Some newer gardeners panic at the site of any insect, naturally assuming all will be destructive to their food garden. But actually, many insects can provide protection for your garden from the invasive and destructive varieties.
First, you’ll want to learn which insects can be beneficial to your food garden and then plan what you can grow or do to attract those insects into your gardening space. This is a much better plan that spraying harmful pesticides onto your food plants.
Many good insects are the ones who will be pollinating your garden, allowing your plants to provide you with a bountiful harvest. If you don’t have natural pollinators, you’ll be forced to do it by hand, which, depending on the size of your garden, can be a grueling and long process.
The pollinators you’ll want to attract include things you would normally view as pollinators, like bees and butterflies. But did you know there are many other insects that can pollinate your garden?
Those include flies, moths, wasps and even ants and beetles, although sometimes you’ll want to repel those from your garden, too. Sometimes a pollinator can also be a pest, such as beetles that might munch on the leaves of your food plants.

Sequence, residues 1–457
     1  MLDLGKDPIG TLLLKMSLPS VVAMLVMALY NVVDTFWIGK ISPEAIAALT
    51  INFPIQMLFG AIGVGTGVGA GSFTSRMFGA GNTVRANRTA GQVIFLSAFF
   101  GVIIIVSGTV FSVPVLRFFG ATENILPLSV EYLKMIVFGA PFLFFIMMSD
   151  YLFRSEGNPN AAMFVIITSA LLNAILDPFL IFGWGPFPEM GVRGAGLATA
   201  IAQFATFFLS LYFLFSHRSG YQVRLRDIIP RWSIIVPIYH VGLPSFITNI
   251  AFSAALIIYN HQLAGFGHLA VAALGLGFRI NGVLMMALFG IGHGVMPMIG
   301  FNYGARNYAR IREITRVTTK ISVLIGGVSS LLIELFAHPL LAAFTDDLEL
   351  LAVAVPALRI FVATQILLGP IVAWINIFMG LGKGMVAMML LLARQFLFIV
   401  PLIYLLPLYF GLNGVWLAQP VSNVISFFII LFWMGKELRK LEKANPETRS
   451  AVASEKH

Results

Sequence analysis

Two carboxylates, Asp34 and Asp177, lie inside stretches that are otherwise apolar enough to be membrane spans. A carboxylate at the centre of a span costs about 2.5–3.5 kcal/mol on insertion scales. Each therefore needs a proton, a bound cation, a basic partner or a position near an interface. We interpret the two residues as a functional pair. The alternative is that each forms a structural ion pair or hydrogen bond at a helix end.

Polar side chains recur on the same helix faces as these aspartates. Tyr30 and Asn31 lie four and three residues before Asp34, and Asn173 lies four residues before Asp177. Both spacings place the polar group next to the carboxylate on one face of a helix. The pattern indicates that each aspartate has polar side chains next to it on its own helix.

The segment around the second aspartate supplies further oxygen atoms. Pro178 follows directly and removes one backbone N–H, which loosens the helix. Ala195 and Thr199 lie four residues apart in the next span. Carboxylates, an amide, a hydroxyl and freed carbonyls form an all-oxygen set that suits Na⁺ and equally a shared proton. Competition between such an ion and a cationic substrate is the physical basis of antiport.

While you might view something like flies as an annoying pest, some – like the hoverfly – like to pollinate flowers and when they lay eggs, the larvae feed on invasive pests who try to destroy your garden.
Other insects prey on things that eat and destroy your plants. Ladybugs are great for a food garden because they eat the aphids, which feed on your plant’s stems, fruit and flower buds.
If you ever see a praying mantis in your garden, leave it alone! It’s going to keep any grasshoppers out of your garden, because they will eat the crops. However, praying mantis appetites are broad, so they might also consume other helpful insects.
Spiders, as creepy as we find them, help control the pests in your garden. So you might want to let them be if you find them hanging around searching for insects they can eat. Your next step is to attract the beneficial insects.
Some, you can buy in bulk and release them into your garden – such as ladybugs. But others, you can plants things to attract. You may not want them directly mixed in with your food plants in some cases, but strategically nearby.
Think of bright, flowering plants like daisies and anything that blooms such as carrots, goldenrod, and even mint and fennel. There are many herbs and flowers you can plant to attract the pollinators and pest controllers.